This site is intended for health professionals only

At the heart of general practice since 1960

pul jul aug2020 cover 80x101px
Read the latest issue online

Independents' Day

Matrons added to GP's workload

Black people are more likely to survive a stroke than white people, a UK study has found.

Although black people are at an increased risk of stroke, their five-year survival rates were found to be better at 57 per cent compared with 36 per cent for white people. The trend remained after adjustment for socioeconomic status and age. Older black people, in particular those over 75, had a substantial survival advantage over comparable white people.

The study involved more than 2,000 patients on the south London stroke register who had a first stroke between 1995 and 2002.

BMJ Online First July 29, 2005

Echinacea no benefit in colds

Echinacea has no significant benefits in the prevention or treatment of the common cold, a placebo-controlled trial has found.

Researchers gave one of three different Echinacea augustifola extracts or a placebo to 399 volunteers before and after challenge with a standard common cold-causing rhinovirus.

There was no difference between any of the groups in the number of volunteers who became infected with the virus or in the degree of symptoms. There were no effects of treatment on the volume of nasal secretions, polymorphonuclear leukocyte or interleukin-8 concentration in nasal-lavage specimens.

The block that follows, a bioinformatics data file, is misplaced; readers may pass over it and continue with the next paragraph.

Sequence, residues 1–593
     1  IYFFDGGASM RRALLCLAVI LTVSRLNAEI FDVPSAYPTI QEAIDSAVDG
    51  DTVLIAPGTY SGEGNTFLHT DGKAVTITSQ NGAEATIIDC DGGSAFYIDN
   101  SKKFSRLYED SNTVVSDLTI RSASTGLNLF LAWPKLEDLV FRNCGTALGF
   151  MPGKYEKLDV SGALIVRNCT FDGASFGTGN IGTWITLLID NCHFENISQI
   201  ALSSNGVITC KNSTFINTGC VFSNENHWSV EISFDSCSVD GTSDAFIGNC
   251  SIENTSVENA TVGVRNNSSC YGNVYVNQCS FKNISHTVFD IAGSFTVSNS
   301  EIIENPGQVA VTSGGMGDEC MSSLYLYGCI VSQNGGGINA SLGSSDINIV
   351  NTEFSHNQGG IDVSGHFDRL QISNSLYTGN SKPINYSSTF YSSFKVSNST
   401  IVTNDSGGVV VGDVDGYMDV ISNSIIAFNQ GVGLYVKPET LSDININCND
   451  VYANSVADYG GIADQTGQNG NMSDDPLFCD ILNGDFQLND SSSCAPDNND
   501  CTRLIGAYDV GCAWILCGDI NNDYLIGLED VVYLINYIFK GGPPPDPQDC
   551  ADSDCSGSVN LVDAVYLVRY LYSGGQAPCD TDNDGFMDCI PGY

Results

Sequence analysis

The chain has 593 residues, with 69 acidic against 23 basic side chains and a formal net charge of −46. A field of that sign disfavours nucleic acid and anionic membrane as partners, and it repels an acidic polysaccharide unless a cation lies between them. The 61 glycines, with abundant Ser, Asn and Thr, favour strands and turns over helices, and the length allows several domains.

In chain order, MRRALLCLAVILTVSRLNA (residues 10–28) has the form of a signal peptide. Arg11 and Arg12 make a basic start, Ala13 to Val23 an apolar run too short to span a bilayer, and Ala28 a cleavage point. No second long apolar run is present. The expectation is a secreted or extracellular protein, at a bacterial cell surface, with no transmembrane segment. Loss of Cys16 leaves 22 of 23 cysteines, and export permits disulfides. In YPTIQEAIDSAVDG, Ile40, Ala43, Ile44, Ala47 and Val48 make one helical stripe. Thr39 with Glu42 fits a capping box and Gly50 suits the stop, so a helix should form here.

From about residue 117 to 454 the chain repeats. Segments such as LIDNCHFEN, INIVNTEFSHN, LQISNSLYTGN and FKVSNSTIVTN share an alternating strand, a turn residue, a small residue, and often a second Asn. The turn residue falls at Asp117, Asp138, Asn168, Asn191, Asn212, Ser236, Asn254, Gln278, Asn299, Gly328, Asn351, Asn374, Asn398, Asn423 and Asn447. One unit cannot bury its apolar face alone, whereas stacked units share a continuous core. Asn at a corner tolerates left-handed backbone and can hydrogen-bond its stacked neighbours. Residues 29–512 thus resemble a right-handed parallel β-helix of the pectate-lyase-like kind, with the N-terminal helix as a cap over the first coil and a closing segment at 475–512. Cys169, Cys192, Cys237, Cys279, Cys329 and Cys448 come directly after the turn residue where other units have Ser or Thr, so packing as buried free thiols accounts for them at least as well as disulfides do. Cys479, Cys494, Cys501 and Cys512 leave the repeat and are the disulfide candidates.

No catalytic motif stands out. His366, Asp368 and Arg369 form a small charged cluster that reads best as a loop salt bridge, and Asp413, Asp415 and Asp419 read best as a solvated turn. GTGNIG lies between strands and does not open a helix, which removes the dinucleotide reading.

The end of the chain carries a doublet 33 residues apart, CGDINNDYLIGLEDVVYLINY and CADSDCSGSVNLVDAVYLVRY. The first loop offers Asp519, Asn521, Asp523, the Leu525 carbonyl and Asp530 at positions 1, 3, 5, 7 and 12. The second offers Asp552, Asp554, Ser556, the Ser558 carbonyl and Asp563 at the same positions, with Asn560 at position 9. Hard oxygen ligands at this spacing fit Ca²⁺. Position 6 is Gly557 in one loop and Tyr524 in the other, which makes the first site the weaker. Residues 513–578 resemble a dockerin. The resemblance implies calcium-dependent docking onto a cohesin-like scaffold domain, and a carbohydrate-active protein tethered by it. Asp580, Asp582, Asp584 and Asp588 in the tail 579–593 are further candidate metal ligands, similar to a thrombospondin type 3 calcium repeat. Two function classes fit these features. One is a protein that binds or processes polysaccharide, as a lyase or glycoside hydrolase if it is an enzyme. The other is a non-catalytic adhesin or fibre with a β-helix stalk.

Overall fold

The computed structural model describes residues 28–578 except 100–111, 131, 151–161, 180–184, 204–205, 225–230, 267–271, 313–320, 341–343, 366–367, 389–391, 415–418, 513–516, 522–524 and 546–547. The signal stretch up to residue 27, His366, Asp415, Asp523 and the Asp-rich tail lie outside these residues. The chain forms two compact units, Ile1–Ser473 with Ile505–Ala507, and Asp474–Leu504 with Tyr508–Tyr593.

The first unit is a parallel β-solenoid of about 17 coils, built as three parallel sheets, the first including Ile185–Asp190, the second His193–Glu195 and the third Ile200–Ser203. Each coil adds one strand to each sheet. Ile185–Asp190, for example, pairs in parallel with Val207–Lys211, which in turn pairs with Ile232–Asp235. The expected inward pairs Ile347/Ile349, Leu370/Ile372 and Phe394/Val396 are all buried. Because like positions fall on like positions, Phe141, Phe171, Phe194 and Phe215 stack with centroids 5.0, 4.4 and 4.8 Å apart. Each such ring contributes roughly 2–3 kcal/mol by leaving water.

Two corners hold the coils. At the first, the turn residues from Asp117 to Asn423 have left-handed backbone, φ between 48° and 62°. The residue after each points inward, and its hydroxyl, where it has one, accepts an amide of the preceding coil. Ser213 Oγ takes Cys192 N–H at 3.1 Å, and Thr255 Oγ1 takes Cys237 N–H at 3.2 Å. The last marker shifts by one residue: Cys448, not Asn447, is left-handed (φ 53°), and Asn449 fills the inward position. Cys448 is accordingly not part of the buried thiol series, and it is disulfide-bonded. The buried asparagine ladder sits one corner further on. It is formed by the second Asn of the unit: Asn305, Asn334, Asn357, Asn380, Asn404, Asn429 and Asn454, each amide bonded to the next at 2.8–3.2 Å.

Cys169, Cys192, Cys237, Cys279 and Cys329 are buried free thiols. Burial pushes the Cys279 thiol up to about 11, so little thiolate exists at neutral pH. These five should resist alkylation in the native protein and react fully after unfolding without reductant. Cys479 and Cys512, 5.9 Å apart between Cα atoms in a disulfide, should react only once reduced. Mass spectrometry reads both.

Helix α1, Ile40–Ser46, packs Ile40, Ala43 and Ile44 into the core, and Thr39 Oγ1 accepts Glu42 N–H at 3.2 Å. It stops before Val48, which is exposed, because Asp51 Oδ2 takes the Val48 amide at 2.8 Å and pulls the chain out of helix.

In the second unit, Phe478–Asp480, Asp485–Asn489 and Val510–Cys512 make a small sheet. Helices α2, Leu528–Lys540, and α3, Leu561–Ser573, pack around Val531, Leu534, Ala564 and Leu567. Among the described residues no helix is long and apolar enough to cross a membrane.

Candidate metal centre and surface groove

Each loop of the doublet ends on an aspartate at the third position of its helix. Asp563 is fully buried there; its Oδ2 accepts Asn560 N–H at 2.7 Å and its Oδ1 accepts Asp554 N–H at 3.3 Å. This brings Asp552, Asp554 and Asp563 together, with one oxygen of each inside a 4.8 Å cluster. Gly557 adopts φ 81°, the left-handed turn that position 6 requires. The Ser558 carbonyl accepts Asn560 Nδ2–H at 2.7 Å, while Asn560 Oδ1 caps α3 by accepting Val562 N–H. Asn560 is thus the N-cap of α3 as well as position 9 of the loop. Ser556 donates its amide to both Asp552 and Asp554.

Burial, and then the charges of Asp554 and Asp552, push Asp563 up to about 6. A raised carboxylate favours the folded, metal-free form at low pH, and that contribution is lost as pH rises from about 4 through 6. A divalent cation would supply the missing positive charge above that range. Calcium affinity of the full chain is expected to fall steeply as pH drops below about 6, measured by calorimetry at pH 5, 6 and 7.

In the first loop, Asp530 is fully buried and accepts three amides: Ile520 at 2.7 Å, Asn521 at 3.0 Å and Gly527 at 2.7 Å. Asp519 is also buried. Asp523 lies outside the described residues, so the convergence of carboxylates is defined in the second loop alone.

New England Journal of Medicine 2005;353:341-8

Asthma a risk for stroke

Asthma may be an independent risk factor for stroke in middle-aged people, US researchers have found.They compared self-reported and doctor-diagnosed asthma with incidents of cardiovascular disease in 13,501 adults aged 45-64 who were followed for 14 years.

Those who reported ever having had asthma at baseline had a 1.50-fold higher risk of stroke than those who had never had the condition.

Those reporting wheeze attacks with shortness of breath had a 1.56-times higher risk of stroke than those without these symptoms. CHD risk was not related to asthma.

Thorax 2005; 60: 633-8

Condom use prevents Chlamydia

Using condoms is an effective way of preventing Chlamydia trachomatis infections. An American study compared C. trachomatis infection rates according to condom use among 1,455 patients attending a public STD clinic.

Among those who had presented as a contact of an infected partner 13.3 per cent of consistent condom users had the disease, compared with 34.4 per cent of inconsistent condom users.

Sexually Transmitted Infections 2005;


CRP predicts CVD death

C-reactive protein (CRP) concentration is an important predictor of 10-year cardiovascular death risk in newly diagnosed patients with inflammatory polyarthritis, UK research finds.

Some 506 patients with inflammatory polyarthritis were followed for an average of 10.1 years. A baseline CRP level of 5mg/l or above was associated with a 3.9-fold increased risk of CVD death among men and a 4.22-fold increased risk among women.

Elevated CRP remained a significant independent predictor of CVD death after adjusting for age, sex, smoking, HAQ score, rheumatoid factor positivity and swollen joint counts. The researchers concluded that CRP may play a direct role in the patholgenesis of CVD.

Arthritis and Rheumatism 2005;52:2293-9

Rate this article 

Click to rate

  • 1 star out of 5
  • 2 stars out of 5
  • 3 stars out of 5
  • 4 stars out of 5
  • 5 stars out of 5

0 out of 5 stars

Have your say